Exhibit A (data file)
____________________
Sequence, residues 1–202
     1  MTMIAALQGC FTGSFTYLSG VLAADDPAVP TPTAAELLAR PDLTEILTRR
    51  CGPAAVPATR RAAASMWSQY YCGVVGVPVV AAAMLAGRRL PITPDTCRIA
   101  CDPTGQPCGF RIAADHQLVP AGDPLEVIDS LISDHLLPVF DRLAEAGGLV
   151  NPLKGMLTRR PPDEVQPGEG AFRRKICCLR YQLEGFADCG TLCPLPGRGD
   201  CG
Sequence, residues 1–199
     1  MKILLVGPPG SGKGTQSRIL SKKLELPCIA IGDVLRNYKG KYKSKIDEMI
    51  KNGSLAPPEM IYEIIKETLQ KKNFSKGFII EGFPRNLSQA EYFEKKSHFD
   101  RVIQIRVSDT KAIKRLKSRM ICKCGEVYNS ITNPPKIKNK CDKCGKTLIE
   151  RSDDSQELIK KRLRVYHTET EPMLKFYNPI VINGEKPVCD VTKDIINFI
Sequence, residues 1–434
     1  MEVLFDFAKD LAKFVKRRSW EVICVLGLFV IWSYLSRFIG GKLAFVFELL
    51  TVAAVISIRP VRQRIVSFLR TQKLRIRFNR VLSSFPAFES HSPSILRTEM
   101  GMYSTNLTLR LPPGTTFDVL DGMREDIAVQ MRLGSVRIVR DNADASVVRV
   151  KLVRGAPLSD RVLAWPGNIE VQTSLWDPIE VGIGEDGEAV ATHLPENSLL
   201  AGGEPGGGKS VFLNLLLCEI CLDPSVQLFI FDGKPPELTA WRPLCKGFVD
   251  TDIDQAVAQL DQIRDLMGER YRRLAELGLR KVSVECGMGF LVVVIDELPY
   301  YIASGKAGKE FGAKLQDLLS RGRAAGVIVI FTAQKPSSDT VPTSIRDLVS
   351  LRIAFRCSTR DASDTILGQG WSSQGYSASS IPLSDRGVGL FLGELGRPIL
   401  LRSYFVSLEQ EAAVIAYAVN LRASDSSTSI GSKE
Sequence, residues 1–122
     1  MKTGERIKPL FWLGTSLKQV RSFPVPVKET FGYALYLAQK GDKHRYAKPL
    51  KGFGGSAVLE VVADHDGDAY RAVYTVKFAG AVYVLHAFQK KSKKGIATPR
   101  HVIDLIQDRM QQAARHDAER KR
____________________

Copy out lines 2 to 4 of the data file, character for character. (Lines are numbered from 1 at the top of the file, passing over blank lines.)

     1  MTMIAALQGC FTGSFTYLSG VLAADDPAVP TPTAAELLAR PDLTEILTRR
    51  CGPAAVPATR RAAASMWSQY YCGVVGVPVV AAAMLAGRRL PITPDTCRIA
   101  CDPTGQPCGF RIAADHQLVP AGDPLEVIDS LISDHLLPVF DRLAEAGGLV